Despite reports, our waistlines are growing. New long-term data from Nielsen’s Homescan Shopper Panel paints a different picture of Australians, one in which shoppers are putting more fresh, healthy food in their baskets, more often. Indeed, dollar value growth in fresh food represented close to 20 per cent of overall grocery growth over the past decade.
With major retailers declaring their focus on fresh in response to increasing demand, such as Coles’ new ‘I Coles Freshed It’ campaign, this research indicates that our appetite for fresh food is only going to increase. These changing habits also mean the competition is set to get tougher as consumers seek out organic, locally grown options in lieu of pre-packaged and processed food.
Our retail industry team has looked at long-term data on retail value, occasions and product rankings to get a sense of how Australians’ shopping preferences have changed over the past decade. These results show us that people are seeking healthier options across the board, while confectionery growth has been slow.
Overall growth in grocery value from 2005 to 2015 was $10.2 billion. Of that, fresh fruit, vegetables and meat grew by $1.9 billion, representing 19 per cent of overall growth. Australians have shown a steady commitment to these categories, with meat, fruit and vegetables sitting at first, second and third, respectively, in the top 20 categories since 2005.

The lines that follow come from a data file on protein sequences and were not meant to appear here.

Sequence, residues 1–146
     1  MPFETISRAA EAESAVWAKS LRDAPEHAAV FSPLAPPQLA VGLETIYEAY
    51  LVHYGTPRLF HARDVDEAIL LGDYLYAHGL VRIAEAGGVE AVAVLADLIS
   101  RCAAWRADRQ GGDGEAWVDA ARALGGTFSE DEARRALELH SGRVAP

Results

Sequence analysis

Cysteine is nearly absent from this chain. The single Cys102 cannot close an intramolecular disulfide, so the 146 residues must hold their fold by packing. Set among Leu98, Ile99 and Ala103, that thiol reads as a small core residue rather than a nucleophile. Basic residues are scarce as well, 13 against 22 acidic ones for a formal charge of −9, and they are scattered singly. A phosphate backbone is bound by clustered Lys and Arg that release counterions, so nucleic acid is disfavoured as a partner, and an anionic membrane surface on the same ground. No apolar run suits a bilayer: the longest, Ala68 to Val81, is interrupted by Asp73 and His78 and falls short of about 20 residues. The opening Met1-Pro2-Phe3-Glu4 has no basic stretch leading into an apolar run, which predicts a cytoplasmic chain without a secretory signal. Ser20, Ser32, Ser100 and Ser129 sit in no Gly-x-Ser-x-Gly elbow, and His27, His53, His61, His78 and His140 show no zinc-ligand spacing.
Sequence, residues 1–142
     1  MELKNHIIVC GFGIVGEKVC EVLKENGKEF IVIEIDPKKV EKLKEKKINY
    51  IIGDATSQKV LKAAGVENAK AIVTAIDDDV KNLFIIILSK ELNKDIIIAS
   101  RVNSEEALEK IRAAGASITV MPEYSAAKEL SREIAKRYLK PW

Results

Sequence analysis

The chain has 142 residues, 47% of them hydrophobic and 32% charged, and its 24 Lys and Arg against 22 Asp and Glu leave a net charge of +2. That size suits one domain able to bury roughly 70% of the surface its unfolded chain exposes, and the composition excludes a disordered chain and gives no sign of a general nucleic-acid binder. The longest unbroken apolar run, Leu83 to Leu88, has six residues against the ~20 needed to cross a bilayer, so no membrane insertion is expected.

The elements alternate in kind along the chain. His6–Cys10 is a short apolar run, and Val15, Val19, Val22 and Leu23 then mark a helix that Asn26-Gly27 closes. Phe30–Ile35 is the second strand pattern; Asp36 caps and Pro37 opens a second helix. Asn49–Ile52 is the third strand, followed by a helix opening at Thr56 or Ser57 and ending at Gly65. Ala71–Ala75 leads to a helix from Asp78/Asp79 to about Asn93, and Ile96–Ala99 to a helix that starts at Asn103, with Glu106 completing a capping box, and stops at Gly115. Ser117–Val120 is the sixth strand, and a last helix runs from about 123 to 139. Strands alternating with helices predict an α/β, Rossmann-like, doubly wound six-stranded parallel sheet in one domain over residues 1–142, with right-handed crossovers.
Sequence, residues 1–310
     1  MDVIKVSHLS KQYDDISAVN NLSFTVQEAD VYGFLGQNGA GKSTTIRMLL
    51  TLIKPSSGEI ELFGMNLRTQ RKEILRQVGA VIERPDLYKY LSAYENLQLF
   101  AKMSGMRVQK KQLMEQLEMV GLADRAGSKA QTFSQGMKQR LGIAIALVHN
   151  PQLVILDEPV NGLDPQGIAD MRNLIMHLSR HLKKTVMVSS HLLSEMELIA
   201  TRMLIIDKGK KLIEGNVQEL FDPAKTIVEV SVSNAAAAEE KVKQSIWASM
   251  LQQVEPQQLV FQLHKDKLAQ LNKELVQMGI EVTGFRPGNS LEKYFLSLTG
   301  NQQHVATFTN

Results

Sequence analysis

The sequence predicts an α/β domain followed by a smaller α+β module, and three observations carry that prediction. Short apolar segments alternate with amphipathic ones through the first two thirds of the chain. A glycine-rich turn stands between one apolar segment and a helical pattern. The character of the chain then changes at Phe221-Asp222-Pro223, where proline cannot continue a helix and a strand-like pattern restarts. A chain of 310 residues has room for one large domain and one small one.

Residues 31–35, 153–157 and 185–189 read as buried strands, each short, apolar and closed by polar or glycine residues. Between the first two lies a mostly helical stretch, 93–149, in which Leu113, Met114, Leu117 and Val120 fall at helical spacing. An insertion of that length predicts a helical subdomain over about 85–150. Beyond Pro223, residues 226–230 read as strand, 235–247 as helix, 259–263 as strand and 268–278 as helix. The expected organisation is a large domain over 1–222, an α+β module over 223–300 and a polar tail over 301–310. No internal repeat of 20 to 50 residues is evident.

When looking at the top 20 items bought by consumers in the year, carbonated beverages, milk, coffee and spreads dominated the group in 2005. In 2010, however, a more diverse mix appeared, with Queensland Growers strawberries premiering in the rankings at number nine. In 2015, an even fruitier picture shows Queensland Growers and The Green House strawberries at third and 15th, respectively, while Oz Berries blueberries sit at 11.
While staples continue to dominate the top 20, the presence of fruit represents a convincing move towards a more varied, health-conscious population. We are now buying vitamins more than tea and coffee in supermarkets, with the category growing from five million to 7.6 million occasions in the past five years. Retailers have responded well to market demand, with increased ranging and in-store layouts providing a clear path to purchase.
Retailers have also adapted to an increasingly busy, health-conscious shopper. Barcoded fresh products have exploded in the past 10 years, with consumers enjoying easy-to-grab-and-buy products. This category has grown by $558 million since 2005, and will likely continue to increase. With changes in lifestyle meaning consumers are spending less time grocery shopping, convenience offerings are imperative for retailers to maintain customer satisfaction and loyalty.
Nielsen’s recent Lunchbox Snacking Index also showed that kids’ pre-packed fresh fruit has doubled its share in the snacking category, representing four per cent of sales and contributing a notable 39 per cent of the category’s total growth dollars.
As consumers continue to become more health conscious, the retail industry must respond in order to remain relevant, through levers such as ranging, innovation, and convenience. With ALDI increasing its fresh offering and looking to dominate, the market is set to explode with better options for consumers. The task remains for retailers to match demand growth with the right strategy and tactics in the face of fierce competition.